The Wiscasset, Waterville & Farmington railways ran through the Sheepscot Valley of Maine for almost 40 years. The Wiscasset, Waterville & Farmington Museum aims to preserve the era of the 2-foot narrow gauge railway with informative and fun excursions.

Visitors can choose from a number of themed excursions. Music on the Railways transports guests to Alna Center for a concert, food, and drinks. Or, try the Ice Cream Express, which includes a 15-minute train ride that’ll drop you at Alna Center for ice cream.

For guests looking for a longer train ride, book the Sheepscot Valley Steam Train ride which takes you on a round-trip, 7-mile adventure through the forests of Sheepscot Valley. Other adventures include the Lavender Picking train, Sheepscot Stargazing, and a World War I Reenactment Train.

History of the Railroad in Maine

In the early 1800s, there was a push to build railroad tracks and establish railroad companies that would stretch across the state of Maine.

Railway Development

The first railroad company was the Bangor & Piscataquis Canal & Railroad, which ran out of Bangor. A second railway — the Bangor and Aroostook Railroad — emerged in the late 1800s, stopping from Houlton to Caribou to Fort Fairfield and a few others in between.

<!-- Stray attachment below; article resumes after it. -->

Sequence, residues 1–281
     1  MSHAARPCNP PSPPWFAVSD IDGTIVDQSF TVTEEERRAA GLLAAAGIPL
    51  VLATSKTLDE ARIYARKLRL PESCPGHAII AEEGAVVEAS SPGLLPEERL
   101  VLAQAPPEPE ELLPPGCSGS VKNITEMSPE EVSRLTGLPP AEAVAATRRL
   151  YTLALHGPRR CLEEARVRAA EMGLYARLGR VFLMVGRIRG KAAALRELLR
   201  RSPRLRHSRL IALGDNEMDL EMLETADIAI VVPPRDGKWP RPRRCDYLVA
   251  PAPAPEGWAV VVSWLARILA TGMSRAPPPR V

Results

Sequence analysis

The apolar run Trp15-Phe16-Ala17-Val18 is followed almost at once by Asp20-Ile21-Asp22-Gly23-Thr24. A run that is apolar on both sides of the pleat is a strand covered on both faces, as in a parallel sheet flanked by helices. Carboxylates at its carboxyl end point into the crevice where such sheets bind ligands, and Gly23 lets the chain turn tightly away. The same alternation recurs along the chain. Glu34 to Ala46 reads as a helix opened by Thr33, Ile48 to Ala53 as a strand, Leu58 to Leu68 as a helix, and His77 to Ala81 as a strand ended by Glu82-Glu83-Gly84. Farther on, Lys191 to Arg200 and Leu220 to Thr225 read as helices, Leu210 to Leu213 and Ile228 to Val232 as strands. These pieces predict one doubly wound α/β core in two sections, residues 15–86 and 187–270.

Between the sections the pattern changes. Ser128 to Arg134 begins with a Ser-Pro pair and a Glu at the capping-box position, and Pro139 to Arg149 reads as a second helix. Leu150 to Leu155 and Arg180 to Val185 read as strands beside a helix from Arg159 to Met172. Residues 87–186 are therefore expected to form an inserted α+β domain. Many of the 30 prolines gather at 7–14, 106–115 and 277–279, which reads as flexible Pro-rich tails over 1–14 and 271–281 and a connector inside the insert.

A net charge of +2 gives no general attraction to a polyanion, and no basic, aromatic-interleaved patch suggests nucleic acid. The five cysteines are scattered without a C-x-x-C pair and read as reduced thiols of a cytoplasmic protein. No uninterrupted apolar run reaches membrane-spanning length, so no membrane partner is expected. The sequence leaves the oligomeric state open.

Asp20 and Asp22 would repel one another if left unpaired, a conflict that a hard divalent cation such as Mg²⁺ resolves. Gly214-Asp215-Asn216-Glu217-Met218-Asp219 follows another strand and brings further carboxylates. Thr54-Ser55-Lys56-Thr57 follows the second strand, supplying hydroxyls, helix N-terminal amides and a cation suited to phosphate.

A third railway — the Belfast & Moosehead Lake Railroad — started to run around the same time as the Bangor and Aroostook Railroad. It made stops from Belfast to Burnham.

These Maine railroads carried passengers to popular tourist destinations, especially for summer retreats. They also carried logs from local logging camps, granite, supplies, and other cargo from one part of the state to another.

Narrow Gauge Railway

Along with the typical railways, Maine started the narrow gauge railway or 2-foot rail. This interesting type of railroad, as the name implies, was built only 2 feet wide with slimmer passenger train cars. These small passenger cars were quite popular with riders.